Today, Canon announced the heavily rumoured C70, their first RF mount cinema camera which shares the same excellent sensor as the Canon C300 MKIII. So yes you do still get all the benefits of DGO (Dual gain output) and the camera can shoot 4K up to 120fps in S&F mode with Canons fantastic autofocus.
Here's a quick breakdown of the headline specs:
- The same 4K S35 sensor as the C300 MKIII
- 4K up to 120fps
- Compact form factor
- Dual Pixel AF
- 10 Bit 4:2:2
- All-I up to 30p
- Internal ND
- Mini XLR & Physical Audio controls
The body design of the C70 is a little unconventional. To me, the camera is very reminiscent of the 1DX line but with some added bulk towards the rear. Everything you need is built right into the camera body itself, the only detachable part of the body is the top handle, which has no functionality other than something to hold on to, and as somewhere to add a shotgun mic. The screen (which is small, but fully articulating) is fixed to the back and cannot be detached like on Canons other cinema cameras, and just about every inch of free space of the body has been covered with assignable buttons, two mini XLR's, audio controls etc.
The camera records to SD cards, and the slots are neatly tucked away in the handle of the camera. We'd recommend using V90 rated SD cards with the C70, especially if you want to shoot in ALL-I, which is only available up to 30p. All other framerates are in Long GOP, including the high frame rates. There are HEVC/H.265 options available too if you want great quality files which are very small and this is the first time Canon has given us the option of 4:2:0, or 4:2:2 10 bit in HEVC. HEVC/H.265 is currently quite hard for computers to play back, so if you're looking to use HEVC, we'd recommend transcoding the footage before starting editing.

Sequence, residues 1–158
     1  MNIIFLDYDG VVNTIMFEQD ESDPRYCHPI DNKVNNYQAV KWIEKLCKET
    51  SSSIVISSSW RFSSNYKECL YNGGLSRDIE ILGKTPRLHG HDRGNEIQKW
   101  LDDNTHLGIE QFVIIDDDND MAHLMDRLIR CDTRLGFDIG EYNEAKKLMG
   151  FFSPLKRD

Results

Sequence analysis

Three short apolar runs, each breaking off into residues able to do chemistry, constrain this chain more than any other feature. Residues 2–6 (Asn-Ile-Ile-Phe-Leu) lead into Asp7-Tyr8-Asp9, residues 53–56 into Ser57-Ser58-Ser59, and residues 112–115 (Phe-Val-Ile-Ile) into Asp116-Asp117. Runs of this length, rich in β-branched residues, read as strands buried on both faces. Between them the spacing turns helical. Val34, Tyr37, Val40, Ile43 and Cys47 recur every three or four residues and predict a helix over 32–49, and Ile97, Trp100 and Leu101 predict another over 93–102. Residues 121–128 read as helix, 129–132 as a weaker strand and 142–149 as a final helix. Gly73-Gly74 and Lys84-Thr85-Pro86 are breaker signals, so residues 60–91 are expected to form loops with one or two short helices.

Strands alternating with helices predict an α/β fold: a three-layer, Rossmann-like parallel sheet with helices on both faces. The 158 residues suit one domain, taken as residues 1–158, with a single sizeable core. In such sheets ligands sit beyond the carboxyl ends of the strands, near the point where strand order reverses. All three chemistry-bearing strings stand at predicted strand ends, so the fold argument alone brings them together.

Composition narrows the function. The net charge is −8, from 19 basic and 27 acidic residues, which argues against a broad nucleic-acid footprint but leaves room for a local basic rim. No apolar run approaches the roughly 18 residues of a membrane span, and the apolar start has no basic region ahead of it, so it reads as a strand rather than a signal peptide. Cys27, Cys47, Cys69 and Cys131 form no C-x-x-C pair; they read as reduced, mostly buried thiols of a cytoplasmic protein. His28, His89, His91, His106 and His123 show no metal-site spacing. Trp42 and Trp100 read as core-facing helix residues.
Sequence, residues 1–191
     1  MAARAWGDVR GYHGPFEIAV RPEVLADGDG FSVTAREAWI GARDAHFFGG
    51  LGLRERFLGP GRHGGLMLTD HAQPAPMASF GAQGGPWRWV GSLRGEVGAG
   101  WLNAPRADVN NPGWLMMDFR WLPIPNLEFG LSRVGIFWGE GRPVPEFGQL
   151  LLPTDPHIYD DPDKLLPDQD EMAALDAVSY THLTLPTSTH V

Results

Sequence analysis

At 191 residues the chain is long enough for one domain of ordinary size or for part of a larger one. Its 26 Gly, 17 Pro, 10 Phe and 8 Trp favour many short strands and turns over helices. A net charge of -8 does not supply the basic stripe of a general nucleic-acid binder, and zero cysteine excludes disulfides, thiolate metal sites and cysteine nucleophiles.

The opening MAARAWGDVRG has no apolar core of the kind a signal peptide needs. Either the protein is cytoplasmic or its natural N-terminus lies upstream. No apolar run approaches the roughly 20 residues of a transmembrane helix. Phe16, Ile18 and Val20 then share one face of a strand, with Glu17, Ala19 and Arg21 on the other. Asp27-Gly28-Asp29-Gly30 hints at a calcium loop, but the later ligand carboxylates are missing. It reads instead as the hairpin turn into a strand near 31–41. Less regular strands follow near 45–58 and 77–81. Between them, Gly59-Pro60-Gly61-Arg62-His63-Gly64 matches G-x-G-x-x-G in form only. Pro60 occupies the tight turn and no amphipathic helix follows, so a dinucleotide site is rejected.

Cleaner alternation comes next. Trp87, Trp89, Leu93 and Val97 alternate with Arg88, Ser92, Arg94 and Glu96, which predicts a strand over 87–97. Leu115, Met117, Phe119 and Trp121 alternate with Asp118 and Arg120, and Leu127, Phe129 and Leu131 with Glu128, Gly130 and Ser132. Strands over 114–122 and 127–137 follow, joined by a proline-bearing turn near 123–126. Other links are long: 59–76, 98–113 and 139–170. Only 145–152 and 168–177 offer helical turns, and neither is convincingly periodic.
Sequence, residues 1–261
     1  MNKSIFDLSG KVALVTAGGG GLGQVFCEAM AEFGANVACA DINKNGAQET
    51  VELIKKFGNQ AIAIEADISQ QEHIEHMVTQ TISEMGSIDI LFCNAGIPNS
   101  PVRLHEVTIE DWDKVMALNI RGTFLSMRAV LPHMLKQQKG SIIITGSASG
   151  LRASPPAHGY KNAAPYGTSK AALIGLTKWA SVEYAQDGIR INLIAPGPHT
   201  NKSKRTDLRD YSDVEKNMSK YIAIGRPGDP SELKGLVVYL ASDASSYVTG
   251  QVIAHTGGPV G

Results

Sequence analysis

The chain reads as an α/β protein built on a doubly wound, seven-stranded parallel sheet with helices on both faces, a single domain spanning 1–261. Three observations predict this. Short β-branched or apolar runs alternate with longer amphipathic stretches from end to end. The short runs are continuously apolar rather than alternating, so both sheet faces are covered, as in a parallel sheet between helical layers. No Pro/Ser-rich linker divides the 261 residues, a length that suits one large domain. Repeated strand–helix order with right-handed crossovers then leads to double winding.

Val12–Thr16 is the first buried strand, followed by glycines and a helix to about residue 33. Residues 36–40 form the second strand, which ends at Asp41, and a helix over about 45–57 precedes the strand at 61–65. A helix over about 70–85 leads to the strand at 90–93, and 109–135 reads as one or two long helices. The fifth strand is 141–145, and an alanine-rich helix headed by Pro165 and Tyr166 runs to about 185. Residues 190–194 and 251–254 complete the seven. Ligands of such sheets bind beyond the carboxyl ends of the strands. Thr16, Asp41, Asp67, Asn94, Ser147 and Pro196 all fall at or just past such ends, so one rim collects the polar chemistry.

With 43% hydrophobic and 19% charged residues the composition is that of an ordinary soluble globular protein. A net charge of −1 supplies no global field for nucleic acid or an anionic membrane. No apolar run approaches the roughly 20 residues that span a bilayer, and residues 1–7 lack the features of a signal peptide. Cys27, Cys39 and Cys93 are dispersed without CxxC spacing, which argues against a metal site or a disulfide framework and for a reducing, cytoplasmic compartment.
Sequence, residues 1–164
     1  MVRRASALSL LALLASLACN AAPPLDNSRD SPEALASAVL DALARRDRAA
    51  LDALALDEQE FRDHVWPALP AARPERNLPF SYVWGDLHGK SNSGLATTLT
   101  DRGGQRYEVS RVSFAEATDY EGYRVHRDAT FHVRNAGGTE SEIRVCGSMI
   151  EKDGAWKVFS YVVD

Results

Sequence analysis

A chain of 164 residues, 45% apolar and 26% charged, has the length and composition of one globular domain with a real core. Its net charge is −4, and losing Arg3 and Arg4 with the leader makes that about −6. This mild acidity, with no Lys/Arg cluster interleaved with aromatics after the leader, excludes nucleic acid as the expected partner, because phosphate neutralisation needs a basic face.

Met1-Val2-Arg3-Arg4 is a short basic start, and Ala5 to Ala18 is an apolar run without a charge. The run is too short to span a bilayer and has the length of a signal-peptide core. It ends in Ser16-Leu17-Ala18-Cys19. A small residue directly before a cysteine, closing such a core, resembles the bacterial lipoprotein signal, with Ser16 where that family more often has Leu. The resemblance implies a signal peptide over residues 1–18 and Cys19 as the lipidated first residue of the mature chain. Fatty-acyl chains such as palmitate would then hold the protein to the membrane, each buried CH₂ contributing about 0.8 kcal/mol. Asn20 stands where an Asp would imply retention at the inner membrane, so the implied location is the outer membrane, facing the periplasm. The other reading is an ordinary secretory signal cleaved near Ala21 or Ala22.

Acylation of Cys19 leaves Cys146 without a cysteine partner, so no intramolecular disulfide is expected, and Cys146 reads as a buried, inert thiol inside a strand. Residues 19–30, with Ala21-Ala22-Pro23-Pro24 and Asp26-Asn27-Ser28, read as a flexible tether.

Now if the C70 has the same sensor as the C300 MKIII, then what's the difference between them? Well, you may have noticed from the list above that there is no RAW at all, which for this camera I don't think its an issue. ALL-I is only available up to 30p in the C70, whereas on the C300 MKIII it's available in all frame rates and modes. So on the C70 if you're shooting anything above 30p, you'll be looking at Long GOP recording.
For corporate shooters, this will be a fantastic camera, its small, lightweight, has great recording options, internal ND and proper audio controls. But for me, the mount is what will make this camera such a good choice. Canons new RF holy trinity zoom lenses all have IS built-in, which for fast-paced run and gun work is a godsend, but having IS in a fast, high-quality lens is fantastic, and something that has been missing from Canons EF line of lenses for years. Pair the C70, with the RF 24-70mm f2.8 IS, and you'll have a solid combination that'll be reliable in most situations.
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